On Saturday, Berlin announced that it was lifting the economic sanctions that it slapped on Ankara in July 2017 in response to the detention of a German human rights campaigner and five other activists, including the head of Amnesty International in Turkey.
The German economy ministry said that those sanctions will not be implemented in the next fiscal year.
Berlin also eased restraints on travel to Ankara, with the foreign ministry removing a warning on its website about its nationals facing a high risk of arrest when visiting Turkey.
Those decisions came days after Ankara lifted the state of emergency that it imposed in wake of the failed coup of July 15, 2016.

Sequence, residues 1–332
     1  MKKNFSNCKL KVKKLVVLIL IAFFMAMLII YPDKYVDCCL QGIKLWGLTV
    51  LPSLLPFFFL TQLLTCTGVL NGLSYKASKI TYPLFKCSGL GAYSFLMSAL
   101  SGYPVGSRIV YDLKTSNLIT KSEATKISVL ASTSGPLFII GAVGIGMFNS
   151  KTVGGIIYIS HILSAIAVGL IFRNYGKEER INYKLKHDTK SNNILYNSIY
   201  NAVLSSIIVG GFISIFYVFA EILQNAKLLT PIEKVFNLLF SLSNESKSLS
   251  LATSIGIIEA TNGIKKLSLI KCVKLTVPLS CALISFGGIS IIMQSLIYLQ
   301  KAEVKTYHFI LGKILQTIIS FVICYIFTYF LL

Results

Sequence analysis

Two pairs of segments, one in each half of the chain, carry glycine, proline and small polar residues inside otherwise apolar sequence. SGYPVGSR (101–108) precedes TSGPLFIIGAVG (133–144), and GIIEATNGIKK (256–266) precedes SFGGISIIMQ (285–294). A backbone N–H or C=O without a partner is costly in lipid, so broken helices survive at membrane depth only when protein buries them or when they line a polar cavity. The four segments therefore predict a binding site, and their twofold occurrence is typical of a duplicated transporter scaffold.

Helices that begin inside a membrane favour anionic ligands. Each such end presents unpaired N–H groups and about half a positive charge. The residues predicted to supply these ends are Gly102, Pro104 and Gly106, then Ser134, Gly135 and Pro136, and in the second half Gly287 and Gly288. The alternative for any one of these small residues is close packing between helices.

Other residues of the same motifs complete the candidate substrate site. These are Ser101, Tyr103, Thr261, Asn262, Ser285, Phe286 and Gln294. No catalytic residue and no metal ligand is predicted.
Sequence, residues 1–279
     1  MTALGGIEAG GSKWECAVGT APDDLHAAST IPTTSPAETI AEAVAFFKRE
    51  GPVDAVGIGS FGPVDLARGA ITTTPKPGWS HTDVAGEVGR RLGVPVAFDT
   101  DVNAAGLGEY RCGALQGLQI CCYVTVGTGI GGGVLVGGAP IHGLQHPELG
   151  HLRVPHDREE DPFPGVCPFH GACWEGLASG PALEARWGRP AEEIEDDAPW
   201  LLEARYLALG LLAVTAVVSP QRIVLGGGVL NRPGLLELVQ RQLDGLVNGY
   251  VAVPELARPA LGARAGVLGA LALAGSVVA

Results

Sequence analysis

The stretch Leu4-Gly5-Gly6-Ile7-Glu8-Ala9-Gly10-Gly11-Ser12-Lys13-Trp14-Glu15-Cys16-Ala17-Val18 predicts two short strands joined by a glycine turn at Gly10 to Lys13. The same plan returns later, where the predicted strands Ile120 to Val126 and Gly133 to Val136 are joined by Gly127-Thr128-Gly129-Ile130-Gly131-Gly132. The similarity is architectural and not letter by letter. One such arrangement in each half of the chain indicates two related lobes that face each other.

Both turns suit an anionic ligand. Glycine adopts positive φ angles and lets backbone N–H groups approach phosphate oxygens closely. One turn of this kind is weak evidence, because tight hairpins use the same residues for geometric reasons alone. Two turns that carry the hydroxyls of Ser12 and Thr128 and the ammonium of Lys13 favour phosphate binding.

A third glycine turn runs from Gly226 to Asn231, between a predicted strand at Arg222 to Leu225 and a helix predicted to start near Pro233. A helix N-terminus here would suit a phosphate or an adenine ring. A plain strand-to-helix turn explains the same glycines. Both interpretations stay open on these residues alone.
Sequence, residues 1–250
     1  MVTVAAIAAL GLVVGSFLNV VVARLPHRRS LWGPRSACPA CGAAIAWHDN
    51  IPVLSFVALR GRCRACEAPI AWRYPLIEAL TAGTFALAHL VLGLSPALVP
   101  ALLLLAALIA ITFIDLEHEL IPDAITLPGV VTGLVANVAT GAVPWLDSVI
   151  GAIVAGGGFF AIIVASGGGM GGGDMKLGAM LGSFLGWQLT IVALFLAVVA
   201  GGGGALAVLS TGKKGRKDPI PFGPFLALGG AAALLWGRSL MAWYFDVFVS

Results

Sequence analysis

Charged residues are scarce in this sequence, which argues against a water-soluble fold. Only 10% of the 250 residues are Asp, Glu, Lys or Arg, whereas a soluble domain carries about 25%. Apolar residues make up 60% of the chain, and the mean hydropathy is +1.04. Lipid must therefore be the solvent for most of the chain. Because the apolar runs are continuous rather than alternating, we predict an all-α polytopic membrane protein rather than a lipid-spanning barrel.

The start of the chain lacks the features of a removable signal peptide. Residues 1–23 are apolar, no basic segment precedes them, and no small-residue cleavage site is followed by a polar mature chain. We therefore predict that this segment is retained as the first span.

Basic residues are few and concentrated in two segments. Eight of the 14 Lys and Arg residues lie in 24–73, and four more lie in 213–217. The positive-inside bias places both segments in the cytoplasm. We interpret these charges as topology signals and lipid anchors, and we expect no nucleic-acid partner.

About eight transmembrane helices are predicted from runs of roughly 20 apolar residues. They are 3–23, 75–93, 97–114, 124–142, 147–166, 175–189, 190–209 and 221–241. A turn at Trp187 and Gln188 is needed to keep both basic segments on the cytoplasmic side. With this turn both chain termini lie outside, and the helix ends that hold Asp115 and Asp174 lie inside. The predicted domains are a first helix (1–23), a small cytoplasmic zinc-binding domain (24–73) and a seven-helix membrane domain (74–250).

On Friday, the Netherlands announced that it was formally normalizing relations with Turkey after diplomatic quarrel that began with attempts by politicians in the Turkish government to campaign in the country during a 2017 referendum.
Turkish-EU relations have been strained since the failed coup against Turkish President Erdogan in 2016 and the anti-Gulen operation that followed, resulting in the arrest of some 50,000 people and the dismissal of 100,000 others.
Islamic cleric Fethullah Gulen is accused by Ankara of having organized the 2016 coup attempt in the country. Gulen, who is currently residing in the United States, has denied involvement in the botched coup attempt.